Graduating wiselyWe need a solid post-graduation plan to enjoy the perks of becoming a developing country.
With the United Nations Committee for Development Policy recommending Nepal’s graduation from a least developed country to a developing country after a preparatory period of five years, Nepal is poised to take a giant leap forward in its global portfolio. Although Nepal is yet to meet the gross national income threshold, it has already met the human assets index and the economic and environmental vulnerability index, and with some rigorous homework on the economic front, it stands to rise to the status of a developing country by 2026.
The expected graduation has brought widespread euphoria among various stakeholders across the country, not least the government that swears by the samriddhi slogan every so often. There is no harm in graduating to the status of a developing country; in fact, that is what we must aspire to. There is certainly no fun in being a permanent member of the club of the destitute; we have to graduate from it, and the sooner the better. But graduating without laying sufficient groundwork could lead to increased vulnerability since we will not have much to fall back on.
Beyond the rhetorical elevation, the graduation involves serious efforts towards buttressing the economic infrastructure of the country even as we sacrifice the support system we have let ourselves become dependent upon for a long time. Our success, therefore, depends upon our ability to adapt to the rigorous requirements of becoming a developing country and dealing with the significant risks that come with it. The most visible pitfall of the graduation is that Nepal stands to lose a host of donor support programmes aimed at least developed countries.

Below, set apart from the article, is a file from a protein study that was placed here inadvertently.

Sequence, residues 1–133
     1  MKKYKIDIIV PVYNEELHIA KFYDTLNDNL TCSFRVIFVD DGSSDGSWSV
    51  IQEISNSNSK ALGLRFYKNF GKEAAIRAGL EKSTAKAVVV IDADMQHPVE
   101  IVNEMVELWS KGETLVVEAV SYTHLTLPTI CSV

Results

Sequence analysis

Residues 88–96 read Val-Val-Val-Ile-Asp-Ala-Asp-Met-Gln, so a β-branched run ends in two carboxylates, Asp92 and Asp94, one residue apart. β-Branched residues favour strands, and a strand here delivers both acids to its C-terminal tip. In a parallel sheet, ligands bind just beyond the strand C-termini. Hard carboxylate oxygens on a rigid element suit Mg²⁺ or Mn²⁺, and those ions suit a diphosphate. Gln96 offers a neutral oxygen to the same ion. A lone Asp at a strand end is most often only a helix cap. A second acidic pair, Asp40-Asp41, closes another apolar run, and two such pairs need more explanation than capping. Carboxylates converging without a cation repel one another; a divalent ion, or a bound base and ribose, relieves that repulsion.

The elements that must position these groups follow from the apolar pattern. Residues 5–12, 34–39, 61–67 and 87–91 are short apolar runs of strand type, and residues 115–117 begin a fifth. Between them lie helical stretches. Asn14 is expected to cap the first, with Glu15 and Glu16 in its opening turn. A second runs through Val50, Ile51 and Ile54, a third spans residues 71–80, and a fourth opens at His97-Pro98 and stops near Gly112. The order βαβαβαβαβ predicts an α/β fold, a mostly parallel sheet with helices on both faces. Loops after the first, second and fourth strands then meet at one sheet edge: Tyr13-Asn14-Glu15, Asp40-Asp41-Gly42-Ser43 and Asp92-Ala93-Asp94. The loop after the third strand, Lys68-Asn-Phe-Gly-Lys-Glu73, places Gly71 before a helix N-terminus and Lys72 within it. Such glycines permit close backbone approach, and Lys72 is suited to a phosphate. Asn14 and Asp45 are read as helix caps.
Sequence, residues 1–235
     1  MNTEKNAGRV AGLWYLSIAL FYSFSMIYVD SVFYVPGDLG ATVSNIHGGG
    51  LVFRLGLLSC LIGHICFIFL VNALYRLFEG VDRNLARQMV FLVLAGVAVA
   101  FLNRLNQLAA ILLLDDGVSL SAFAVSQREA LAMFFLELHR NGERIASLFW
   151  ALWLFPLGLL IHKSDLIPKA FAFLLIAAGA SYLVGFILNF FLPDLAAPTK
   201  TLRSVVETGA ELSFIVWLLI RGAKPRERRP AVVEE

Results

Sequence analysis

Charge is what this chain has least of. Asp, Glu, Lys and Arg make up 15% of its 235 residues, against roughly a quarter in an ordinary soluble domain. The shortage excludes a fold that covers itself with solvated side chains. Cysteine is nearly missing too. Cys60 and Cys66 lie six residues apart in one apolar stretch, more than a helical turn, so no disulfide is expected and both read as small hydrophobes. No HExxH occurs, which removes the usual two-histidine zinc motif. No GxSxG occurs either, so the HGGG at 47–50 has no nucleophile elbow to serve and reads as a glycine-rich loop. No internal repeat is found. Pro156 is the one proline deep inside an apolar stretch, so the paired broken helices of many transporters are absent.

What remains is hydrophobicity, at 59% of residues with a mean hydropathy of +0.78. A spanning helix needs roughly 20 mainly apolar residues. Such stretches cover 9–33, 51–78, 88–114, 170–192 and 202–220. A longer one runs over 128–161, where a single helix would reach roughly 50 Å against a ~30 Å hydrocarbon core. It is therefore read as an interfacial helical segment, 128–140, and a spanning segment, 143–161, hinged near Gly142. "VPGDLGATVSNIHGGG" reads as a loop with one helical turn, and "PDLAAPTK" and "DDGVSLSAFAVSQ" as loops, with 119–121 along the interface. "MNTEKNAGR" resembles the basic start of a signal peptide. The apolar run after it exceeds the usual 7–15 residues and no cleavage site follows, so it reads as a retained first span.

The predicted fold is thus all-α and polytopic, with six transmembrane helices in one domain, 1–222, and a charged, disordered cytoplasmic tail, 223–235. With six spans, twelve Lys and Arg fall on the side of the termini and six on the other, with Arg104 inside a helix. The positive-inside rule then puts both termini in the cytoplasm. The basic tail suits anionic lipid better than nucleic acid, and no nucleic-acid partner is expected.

For a country that has been dependent on foreign aid for sustenance, it might feel like a big aftershock. What’s more, that gap has to be filled with a substantial increase in trade. Having faced a financial setback due to the Covid-19 pandemic as well as the perennial lethargy that characterises the country’s trade profile, Nepal will have to up its game for real. However, in losing a substantial part of concessions and facilities as an LDC nation, Nepal also stands to gain by buttressing its economic sector and becoming sustainable on its own in the long run. If we have little to fall back on, we will learn to stand on our own.
For that, Nepal should assess the vulnerability that comes associated with graduation to developing country status and devise a resilience strategy that covers the transitional period, including getting its long-term trade partners to pledge support, including through increased trade. An efficient national transition strategy will help Nepal cope with the transitional shock and emerge stronger than ever before. It must, therefore, expedite consultation with long-term trade partners to ensure a smooth transition from dependency to self-reliance.
With formidable natural resources at its disposal, Nepal can also boost its economic profile during the transitional period by using those resources sustainably while also considering how it can mitigate natural disaster shocks. The success of the graduation, therefore, depends on how well Nepal can bolster economic growth. The perks of graduating to the status of a developed country are manifold if we can assess our capabilities and vulnerabilities well and take calculated risks. It is time to devise a solid post-graduation plan and deliver on it rather than question our capabilities and stay put where we are right now.